Most teenagers listen to stuff I don’t understand. This is something I do. Number 21 kept me sane as I travelled to and fro college in Calcutta in the 90s, gritting my teeth against the diesel fumes of public buses and retreating to my private world on my Walkman. Three cheers for I’ll Tell You Later.
The time between January 1784 and December 1786 was arguably the most productive period of Wolfgang Amadeus Mozart’s career. He wrote an incalculable variety of music, from string quartets dedicated to Joseph Haydn to no fewer than 12 piano concertos and of course his celebrated ‘Le Nozze di Figaro’ (‘The Marriage of Figaro’). On the 9th of March, 1785, he made an entry in his thematic catalogue, “A piano concerto”. A day later, he premiered his new piece at the Burgtheatre in Vienna himself, improvising on the cadenzas in the First and Third Movements to a riveted audience. More than two centuries later, his Piano Concerto No. 21 in C (K. 467) still draws spellbound audiences and delights them with its unique charm.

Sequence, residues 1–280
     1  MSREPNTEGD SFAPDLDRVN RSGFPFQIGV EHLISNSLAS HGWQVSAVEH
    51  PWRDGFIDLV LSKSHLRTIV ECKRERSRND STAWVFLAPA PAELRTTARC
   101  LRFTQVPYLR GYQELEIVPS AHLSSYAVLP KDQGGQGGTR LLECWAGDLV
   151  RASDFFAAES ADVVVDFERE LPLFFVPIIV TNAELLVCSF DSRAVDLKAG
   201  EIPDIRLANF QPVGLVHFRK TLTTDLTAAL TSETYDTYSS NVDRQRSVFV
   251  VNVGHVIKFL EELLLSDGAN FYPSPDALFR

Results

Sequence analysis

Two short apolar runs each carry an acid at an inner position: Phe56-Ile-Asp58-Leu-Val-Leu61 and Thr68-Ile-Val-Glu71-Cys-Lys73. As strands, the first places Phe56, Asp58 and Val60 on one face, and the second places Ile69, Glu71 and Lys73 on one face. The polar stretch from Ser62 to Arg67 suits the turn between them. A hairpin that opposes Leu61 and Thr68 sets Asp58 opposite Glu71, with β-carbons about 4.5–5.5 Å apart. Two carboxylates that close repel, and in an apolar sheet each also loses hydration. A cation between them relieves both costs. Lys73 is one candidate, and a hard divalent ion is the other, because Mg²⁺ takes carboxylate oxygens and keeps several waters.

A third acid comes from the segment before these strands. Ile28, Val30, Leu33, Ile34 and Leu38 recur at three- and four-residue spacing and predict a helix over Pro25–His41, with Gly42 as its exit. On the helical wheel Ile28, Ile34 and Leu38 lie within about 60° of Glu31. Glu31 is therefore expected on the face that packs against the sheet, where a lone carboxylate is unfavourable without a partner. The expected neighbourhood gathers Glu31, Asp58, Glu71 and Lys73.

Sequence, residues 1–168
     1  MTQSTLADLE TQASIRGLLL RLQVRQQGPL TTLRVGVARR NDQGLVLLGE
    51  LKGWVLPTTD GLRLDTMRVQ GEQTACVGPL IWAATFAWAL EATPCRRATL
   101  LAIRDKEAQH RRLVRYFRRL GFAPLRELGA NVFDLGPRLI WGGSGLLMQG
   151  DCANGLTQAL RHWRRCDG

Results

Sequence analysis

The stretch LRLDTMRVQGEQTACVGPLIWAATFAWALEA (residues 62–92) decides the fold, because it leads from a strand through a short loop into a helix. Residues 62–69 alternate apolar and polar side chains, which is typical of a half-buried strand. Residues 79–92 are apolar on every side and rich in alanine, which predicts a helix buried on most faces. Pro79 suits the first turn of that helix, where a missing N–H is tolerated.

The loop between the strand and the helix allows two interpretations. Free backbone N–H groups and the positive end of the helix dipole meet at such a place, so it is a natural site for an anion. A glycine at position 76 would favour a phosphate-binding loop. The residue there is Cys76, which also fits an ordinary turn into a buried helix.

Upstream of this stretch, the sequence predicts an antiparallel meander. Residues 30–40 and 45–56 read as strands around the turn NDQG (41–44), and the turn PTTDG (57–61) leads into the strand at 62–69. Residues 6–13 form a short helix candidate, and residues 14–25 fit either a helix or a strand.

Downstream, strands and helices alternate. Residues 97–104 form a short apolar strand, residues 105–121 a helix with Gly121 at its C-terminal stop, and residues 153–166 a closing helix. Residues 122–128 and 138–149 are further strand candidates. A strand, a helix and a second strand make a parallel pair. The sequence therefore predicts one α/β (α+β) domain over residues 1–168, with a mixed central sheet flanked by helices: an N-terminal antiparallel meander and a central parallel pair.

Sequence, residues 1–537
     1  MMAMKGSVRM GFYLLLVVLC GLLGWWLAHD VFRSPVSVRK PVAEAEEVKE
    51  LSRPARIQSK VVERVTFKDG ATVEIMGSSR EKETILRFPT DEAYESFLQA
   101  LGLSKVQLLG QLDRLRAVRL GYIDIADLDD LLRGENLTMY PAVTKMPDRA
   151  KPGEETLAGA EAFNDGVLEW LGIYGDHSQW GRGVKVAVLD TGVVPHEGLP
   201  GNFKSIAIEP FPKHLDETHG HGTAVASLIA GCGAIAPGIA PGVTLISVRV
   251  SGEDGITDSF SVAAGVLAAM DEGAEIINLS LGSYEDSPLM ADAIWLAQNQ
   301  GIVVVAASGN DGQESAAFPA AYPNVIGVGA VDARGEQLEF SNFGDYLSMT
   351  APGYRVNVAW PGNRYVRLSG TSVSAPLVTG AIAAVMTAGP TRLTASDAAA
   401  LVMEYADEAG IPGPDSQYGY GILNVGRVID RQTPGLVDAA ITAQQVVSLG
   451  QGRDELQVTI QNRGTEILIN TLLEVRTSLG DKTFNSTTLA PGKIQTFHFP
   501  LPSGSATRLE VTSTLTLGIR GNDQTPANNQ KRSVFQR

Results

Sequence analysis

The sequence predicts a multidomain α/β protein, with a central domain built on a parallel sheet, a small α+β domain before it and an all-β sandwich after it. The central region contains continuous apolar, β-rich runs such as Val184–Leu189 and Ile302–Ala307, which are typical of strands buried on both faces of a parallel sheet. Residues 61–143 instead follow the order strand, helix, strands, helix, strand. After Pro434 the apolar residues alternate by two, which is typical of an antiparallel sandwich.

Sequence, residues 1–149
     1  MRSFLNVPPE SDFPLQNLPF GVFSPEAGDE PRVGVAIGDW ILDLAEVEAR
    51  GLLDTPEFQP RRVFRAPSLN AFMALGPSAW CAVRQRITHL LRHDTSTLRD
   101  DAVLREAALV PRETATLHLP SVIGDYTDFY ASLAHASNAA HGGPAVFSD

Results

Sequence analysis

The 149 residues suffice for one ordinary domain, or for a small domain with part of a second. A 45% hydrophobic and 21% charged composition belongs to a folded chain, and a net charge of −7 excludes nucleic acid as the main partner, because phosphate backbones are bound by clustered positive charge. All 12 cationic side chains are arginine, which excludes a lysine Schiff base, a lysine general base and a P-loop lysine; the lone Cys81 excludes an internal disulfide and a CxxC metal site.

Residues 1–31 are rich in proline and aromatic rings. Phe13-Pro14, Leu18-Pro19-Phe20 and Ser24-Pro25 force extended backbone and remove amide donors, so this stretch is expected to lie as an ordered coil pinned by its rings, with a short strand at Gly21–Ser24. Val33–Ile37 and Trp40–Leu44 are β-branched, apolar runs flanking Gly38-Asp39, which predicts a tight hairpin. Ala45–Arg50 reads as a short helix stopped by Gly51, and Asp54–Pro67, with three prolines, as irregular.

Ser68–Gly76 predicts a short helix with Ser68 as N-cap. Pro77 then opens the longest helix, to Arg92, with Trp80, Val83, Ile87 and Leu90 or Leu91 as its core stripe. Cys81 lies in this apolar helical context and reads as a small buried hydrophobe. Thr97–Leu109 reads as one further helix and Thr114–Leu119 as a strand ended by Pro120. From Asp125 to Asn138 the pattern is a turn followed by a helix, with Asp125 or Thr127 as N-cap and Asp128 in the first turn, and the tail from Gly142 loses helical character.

While Chopin wrote exclusively for the solo piano and Beethoven pioneered the symphony, it was the realm of the concerto in which Mozart blossomed, writing 23…
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